Simone Lamsma, with the St. Paul Chamber Orchestra, sounded splendid playing Magnus Lindberg's 2006 work.
Two Finns, Magnus Lindberg and Jean Sibelius, plus Beethoven: It sounds, inescapably, like a concert program concocted by Osmo Vänskä of the Minnesota Orchestra. But there were no Finns to be seen Friday evening on the Ordway Center's stage. The conductor, though possessing impeccable Finnish credentials, was Russian. The band was the St. Paul Chamber Orchestra, settling into its new season after last week's opening festivities. And the center of attention was Lindberg's compelling Violin Concerto, a work with which Vänskä has no history.
Most new "classical" pieces make their way slowly, if at all. Not so Lindberg's dense, 25-minute concerto, which, since its 2006 premiere (and 2007 recording) by the extraordinary Lisa Batiashvili, has been taken up by no fewer than seven other violinists, drawn, no doubt, by the work's rare fusion of architectural rigor and unrestrained bravura with an intense, full-throated lyricism that can only be called romantic. Commissioned by New York's Mostly Mozart Festival, the piece finds sonic possibilities heretofore undreamt of in an orchestra of 18th-century dimensions.
The SPCO's performances of Lindberg's concerto were intended as a showcase for the puckish Pekka Kuusisto, a bona fide Finn who has simultaneously played and directed the piece. But Kuusisto, ailing, was replaced by the splendid Dutch violinist Simone Lamsma, who first essayed the Lindberg a year ago and seemed thoroughly inside it Friday. Expertly partnered (and never swamped) by conductor Dima Slobodeniouk, Lamsma was especially absorbing in her long cadenza; her 1718 Stradivarius sounded grand.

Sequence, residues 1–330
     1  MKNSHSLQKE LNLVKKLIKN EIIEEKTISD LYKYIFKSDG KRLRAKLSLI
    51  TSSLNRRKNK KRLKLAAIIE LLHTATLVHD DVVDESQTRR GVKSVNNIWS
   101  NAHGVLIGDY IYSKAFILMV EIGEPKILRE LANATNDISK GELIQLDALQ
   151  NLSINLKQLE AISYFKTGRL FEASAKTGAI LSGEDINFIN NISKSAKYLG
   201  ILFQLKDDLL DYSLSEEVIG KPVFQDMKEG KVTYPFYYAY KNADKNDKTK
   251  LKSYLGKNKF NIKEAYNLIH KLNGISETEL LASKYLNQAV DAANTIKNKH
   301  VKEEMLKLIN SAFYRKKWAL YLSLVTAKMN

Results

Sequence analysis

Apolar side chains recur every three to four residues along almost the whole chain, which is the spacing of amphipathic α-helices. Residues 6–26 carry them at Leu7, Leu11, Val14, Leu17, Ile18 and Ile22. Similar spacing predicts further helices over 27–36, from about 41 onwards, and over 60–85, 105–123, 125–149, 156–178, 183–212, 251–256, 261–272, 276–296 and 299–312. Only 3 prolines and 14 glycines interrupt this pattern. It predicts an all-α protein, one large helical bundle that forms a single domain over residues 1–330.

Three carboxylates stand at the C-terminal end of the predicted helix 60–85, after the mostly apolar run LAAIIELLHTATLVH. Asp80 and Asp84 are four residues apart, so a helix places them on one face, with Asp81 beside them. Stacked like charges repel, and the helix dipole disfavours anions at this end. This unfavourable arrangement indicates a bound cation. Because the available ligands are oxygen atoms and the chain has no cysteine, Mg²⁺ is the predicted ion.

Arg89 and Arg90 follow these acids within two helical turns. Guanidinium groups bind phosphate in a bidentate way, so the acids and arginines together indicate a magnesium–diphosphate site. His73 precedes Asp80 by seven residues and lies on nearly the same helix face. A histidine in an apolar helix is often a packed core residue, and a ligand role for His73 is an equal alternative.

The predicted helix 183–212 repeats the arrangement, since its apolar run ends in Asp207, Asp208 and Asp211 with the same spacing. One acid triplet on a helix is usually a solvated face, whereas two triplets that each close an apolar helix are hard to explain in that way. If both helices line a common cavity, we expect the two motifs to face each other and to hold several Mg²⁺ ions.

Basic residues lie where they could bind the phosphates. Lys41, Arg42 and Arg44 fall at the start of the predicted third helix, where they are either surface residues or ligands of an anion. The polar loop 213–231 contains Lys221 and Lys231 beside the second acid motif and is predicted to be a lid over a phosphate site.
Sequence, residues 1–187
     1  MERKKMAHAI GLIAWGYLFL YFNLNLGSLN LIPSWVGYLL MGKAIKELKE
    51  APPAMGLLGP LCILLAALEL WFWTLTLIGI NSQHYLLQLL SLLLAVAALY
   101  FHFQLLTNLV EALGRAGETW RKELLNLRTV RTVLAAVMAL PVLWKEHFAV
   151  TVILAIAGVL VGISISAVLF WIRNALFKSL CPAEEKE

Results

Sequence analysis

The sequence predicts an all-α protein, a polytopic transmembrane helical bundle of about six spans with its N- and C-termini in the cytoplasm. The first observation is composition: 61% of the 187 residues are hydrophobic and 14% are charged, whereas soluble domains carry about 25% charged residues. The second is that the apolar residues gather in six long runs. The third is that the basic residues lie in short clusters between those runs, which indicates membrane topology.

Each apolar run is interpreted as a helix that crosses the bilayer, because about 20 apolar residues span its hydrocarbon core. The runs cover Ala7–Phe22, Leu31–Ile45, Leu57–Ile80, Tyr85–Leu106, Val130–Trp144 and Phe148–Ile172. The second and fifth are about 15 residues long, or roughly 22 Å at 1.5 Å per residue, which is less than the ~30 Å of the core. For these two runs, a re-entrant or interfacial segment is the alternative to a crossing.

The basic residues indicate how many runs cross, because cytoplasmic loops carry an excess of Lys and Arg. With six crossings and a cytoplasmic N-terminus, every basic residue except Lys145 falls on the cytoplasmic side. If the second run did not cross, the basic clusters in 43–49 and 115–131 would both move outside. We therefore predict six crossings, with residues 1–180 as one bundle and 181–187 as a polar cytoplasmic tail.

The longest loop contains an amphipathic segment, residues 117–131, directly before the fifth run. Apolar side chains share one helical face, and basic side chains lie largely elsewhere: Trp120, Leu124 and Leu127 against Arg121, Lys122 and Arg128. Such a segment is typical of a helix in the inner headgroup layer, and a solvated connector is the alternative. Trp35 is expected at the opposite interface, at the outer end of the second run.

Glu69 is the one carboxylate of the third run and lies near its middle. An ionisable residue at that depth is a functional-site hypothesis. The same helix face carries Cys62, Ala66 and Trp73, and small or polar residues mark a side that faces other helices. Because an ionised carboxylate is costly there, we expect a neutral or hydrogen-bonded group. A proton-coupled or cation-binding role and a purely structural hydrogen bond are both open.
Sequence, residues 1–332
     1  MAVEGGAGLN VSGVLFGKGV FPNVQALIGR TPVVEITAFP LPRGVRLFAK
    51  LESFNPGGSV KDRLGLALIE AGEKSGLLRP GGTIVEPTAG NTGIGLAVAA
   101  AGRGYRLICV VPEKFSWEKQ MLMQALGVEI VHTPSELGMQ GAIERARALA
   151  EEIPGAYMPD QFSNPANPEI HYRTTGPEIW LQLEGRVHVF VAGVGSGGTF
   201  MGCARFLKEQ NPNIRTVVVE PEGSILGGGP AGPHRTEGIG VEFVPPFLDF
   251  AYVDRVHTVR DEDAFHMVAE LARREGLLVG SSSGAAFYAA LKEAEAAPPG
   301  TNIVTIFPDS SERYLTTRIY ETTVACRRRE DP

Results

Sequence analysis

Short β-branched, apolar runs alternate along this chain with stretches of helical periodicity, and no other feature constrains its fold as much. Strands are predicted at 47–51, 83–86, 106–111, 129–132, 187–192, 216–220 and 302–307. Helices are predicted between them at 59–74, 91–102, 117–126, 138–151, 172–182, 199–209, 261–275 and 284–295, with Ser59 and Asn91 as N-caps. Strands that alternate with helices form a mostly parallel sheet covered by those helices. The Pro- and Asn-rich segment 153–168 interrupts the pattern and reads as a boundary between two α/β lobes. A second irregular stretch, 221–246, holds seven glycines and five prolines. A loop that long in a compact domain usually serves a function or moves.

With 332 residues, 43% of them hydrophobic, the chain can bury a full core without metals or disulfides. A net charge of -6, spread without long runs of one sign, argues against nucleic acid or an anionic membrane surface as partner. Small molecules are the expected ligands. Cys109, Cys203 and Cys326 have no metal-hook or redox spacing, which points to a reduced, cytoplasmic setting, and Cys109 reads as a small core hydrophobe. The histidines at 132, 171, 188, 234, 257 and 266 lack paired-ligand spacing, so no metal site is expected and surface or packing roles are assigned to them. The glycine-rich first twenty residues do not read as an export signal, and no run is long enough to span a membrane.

After the sprawl of Sibelius' first two symphonies, his little-heard Third (1907) seems almost parsimonious, distancing itself from the very romanticism that Lindberg embraces. It sounded particularly lean in the SPCO's account, managed with even fewer than the 50 players the composer sanctioned and sometimes a bit undernourished in the string department. Best was the lilting, not-quite-slow middle movement, its undercurrent of unrest deftly realized by Slobodeniouk.
Beethoven's Overture to "The Ruins of Athens" (1811) was written to preface a dreary, propagandistic play, and didn't transcend its occasion; the composer, says biographer Maynard Solomon, "did not have his heart in this music." Slobodeniouk, quite properly, treated it as top-drawer Beethoven, but probably convinced no one.
Larry Fuchsberg writes regularly about music.